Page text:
UK rail companies are working together under the Rail Delivery Group (RDG) to adopt stricter transparency measures regarding train punctuality in a bid to improve rail services across the country.
The new benchmark will see rail operators report the number of trains arriving at destinations ‘to the minute’ in order to assess the punctuality of their services.
The existing government measure considers a train ‘on time’ if it reaches the destination five or ten minutes after schedule.
RDG's new rule will also analyse the punctuality of the trains during arrival at individual stations, rather than only considering the time taken to reach the final station on a given route.
The new standards of rail punctuality have been developed with the assistance of independent rail watchdog Transport Focus.
Rail Delivery Group chief executive Paul Plummer said: “By adopting the most transparent measure in Europe, we want passengers to know that rail companies are putting an even greater focus on ensuring that trains are meeting the timetable, arriving to the minute and at stations along a journey.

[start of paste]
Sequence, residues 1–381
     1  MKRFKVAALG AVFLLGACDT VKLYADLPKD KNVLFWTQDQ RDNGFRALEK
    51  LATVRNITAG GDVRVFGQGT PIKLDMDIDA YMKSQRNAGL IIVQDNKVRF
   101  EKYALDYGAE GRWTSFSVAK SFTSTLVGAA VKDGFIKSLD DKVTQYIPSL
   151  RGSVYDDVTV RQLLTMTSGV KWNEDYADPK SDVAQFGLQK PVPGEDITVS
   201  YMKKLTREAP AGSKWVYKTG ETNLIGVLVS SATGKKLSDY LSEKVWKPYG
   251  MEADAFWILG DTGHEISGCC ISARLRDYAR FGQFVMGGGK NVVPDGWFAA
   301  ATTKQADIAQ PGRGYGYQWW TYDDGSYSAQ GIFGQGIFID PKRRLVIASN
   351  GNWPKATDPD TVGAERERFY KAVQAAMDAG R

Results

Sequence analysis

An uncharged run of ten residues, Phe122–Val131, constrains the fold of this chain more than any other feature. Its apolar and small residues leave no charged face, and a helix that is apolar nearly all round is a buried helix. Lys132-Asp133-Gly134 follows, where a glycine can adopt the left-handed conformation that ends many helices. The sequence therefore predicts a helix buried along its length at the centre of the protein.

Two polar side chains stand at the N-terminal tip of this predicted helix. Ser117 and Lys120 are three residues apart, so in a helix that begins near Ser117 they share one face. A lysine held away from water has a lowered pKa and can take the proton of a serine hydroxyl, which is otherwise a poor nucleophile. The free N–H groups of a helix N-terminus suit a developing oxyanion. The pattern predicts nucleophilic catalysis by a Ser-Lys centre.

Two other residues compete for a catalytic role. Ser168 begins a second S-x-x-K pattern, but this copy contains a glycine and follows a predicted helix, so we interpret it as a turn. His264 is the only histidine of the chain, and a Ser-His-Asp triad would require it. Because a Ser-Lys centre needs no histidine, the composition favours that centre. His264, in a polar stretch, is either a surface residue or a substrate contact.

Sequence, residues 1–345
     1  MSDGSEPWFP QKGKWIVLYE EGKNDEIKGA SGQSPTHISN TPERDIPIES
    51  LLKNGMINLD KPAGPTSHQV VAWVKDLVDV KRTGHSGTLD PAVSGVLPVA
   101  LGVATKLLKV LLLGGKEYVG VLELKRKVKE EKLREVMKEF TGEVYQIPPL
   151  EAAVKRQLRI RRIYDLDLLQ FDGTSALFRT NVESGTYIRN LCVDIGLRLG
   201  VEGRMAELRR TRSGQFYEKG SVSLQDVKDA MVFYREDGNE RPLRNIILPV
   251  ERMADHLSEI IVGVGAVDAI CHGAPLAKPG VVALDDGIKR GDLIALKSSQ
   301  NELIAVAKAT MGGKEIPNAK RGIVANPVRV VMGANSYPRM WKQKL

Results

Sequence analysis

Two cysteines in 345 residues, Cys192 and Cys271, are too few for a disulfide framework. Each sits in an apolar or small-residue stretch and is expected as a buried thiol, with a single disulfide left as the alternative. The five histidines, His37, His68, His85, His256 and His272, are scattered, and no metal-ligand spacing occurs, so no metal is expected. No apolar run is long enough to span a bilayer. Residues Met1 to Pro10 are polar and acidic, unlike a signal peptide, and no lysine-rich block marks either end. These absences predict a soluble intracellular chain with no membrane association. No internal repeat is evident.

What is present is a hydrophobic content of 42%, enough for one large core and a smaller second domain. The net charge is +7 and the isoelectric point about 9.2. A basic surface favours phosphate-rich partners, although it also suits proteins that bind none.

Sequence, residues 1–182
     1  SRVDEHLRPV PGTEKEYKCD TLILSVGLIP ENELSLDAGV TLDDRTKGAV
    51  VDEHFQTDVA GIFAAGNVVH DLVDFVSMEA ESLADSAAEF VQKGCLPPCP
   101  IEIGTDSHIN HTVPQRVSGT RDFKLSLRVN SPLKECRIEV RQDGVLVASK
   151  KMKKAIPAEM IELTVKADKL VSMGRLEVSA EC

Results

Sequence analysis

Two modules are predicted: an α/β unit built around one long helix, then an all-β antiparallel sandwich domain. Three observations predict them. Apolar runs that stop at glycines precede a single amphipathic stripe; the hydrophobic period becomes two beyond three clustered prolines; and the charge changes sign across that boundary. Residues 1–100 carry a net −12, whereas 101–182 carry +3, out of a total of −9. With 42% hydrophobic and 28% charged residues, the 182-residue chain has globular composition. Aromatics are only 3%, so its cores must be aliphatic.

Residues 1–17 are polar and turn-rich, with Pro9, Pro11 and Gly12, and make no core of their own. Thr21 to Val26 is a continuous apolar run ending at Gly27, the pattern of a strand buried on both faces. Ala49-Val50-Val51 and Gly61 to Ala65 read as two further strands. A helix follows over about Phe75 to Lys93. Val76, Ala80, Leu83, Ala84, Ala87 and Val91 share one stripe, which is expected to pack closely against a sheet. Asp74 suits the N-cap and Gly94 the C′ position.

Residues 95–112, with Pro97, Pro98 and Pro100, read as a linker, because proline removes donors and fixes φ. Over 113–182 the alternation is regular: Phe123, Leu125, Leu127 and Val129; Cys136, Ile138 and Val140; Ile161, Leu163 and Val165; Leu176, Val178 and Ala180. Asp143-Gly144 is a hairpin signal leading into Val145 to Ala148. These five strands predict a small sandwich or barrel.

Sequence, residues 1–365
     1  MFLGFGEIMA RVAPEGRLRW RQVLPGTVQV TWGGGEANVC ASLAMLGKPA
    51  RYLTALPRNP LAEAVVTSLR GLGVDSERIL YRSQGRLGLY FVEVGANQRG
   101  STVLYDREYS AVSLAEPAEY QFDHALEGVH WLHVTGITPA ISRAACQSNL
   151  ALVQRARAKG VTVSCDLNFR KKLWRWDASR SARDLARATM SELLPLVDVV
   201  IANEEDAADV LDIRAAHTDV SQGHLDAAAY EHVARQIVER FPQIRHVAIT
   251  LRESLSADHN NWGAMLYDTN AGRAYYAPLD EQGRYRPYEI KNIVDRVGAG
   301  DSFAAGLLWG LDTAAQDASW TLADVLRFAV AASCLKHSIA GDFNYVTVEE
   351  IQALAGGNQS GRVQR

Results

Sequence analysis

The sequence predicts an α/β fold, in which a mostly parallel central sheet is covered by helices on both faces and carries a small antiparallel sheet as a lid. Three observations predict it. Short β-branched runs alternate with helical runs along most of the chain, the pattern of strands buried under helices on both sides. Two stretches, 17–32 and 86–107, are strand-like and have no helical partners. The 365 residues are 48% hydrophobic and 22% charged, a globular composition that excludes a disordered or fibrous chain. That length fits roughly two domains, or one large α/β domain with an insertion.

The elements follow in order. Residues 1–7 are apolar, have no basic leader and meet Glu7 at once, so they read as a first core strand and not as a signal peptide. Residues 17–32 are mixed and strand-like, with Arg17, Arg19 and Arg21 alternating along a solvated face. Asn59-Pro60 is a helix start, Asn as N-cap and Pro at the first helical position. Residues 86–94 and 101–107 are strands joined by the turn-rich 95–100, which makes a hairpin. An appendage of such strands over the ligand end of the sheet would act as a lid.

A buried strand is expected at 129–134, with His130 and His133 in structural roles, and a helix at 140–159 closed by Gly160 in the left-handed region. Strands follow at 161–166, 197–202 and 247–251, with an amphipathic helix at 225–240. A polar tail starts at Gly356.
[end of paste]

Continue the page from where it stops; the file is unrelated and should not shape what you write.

“We are pushing ourselves to drive better punctuality because it will help to deliver a more reliable railway for the whole of Britain.
“Combined with the £50bn-plus railway upgrade plan, which will lead to 6,400 extra services a week by 2021, these new measures will help to build a better railway now and for the long term.”
RDG reported that in the most recent four week period between 28 May and 24 June, nearly 91.7% of trains arrived within five minutes of the scheduled time, with 64.8% of trains reaching their destination to the minute.
The figures are published at a national level, while data for individual train operators is expected to be published on the companies' respective websites by April.
Network Rail is expected to use the new standards as the official measure of punctuality from April 2019 when its next funding period begins, along with various other benchmarks.